“Any apparatus that restricts a horse’s movement can compromise welfare. Eye temperature as measured remotely using infrared thermography is emerging as a correlate of salivary cortisol concentrations in horses. This article explores the effect on the temperature of the eyes and facial skin of horses wearing devices that restrict jaw movements. In certain equestrian disciplines, unacceptable equine oral activity, such as gaping of the mouth, is penalized because it reflects poor training and lack of compliance. This explains the wide range of nosebands and flash straps designed to prevent the mouth opening. Some of these nosebands are banned from higher-level dressage competitions in which double bridles are mandatory, possibly because they are regarded as restrictive. Nevertheless, the current international rules overlook the possibility that noseband can appear innocuous even though some designs, such as the so-called crank noseband, can be ratcheted shut to clamp the jaws together. Some equestrian manuals and competition rule books propose that “two-fingers” be used as a spacer to guard against overtightening of nosebands but fail to specify where this gauge should be applied. The vagueness of this directive prompted us to undertake a small random survey of the finger dimensions of adult men (n = 10) and women (n = 10). There were significant sex differences in the measurements of fingers of adults (P < 0.001), thus illustrating that the “two-finger rule” is not a reliable guide for standardized noseband fastening. Infrared thermography was used to measure the temperature of facial skin and eyes of adult horses (n = 5) wearing a double bridle with and without a cavesson noseband.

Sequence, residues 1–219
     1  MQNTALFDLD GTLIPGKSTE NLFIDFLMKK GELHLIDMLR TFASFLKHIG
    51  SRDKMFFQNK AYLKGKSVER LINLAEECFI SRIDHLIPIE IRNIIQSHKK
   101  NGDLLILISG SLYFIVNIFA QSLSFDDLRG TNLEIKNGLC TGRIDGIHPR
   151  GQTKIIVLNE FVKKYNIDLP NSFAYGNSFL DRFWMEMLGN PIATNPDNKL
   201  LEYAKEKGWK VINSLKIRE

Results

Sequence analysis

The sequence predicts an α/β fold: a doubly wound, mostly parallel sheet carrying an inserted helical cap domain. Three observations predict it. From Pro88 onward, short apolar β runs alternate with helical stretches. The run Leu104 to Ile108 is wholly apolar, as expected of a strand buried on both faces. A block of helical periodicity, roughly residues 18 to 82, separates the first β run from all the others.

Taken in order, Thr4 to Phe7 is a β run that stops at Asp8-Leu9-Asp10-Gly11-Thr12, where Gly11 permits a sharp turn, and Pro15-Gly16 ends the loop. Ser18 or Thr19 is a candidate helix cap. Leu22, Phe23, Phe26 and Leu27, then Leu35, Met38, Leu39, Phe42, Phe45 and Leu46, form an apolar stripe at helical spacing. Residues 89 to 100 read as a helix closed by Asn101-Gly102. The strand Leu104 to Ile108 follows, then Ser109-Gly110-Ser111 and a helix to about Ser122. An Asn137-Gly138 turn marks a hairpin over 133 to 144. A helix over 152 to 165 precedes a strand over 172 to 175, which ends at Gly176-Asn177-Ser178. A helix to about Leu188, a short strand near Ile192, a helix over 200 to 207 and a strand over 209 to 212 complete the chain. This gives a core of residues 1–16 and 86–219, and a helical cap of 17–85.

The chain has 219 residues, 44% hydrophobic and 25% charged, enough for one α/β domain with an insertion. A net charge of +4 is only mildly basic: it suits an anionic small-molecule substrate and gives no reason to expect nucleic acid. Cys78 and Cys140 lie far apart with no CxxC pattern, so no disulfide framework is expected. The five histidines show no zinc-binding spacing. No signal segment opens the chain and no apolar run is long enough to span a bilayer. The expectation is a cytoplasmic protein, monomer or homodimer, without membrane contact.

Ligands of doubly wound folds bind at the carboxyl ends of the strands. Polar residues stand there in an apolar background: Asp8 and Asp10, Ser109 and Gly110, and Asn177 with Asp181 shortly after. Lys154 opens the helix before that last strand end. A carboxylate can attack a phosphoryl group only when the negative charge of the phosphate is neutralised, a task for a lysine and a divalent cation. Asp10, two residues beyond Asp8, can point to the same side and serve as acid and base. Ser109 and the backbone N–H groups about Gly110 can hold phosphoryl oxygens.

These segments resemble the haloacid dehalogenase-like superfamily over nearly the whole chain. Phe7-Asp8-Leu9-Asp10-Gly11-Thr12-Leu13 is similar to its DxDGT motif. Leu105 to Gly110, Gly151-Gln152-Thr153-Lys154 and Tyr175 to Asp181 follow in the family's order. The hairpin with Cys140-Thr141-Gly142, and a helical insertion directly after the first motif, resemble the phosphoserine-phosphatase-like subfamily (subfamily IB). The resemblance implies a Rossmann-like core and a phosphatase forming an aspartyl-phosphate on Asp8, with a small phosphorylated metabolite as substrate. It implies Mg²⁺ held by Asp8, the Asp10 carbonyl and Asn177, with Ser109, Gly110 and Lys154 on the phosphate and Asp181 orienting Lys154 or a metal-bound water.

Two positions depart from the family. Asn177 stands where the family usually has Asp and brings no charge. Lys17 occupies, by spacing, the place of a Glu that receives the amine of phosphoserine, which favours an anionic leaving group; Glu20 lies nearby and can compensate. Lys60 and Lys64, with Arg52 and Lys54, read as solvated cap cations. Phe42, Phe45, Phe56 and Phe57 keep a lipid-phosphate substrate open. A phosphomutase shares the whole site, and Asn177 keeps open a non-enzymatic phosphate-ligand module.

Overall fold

A taper gauge was developed based on the mean circumference of adult index and middle fingers (9.89 ± 0.21 cm), and this was used as a spacer at the nasal planum or beside the mandible when tightening the noseband. The nosebands were fastened significantly tighter when the taper gauge was used beside the mandible than at the nasal planum (P = 0.02). Wearing double bridles and nosebands that had been tightened with and without the taper gauge caused an increase in eye temperature compared with baseline values (P = 0.012), and the tighter the noseband was fastened, the cooler the facial skin of the horse (and, presumably, the greater the impairment of vascular perfusion) when compared with baseline values (P = 0.016). This study suggests that horses wearing double bridles and tight nosebands undergo a physiological stress response and may have compromised vascular perfusion. Consequently, on welfare grounds, the use of nosebands that cause any constriction of jaw movement should be reviewed as soon as possible.”

http://www.journalvetbehavior.com/article/S1558-7878(11)00143-2/abstract

Pilot study of behavior responses in young riding horses using 2 methods of making transitions from trot to walk

By Agneta Egenvalla, Marie Eisersiöb and Lars Roepstorffc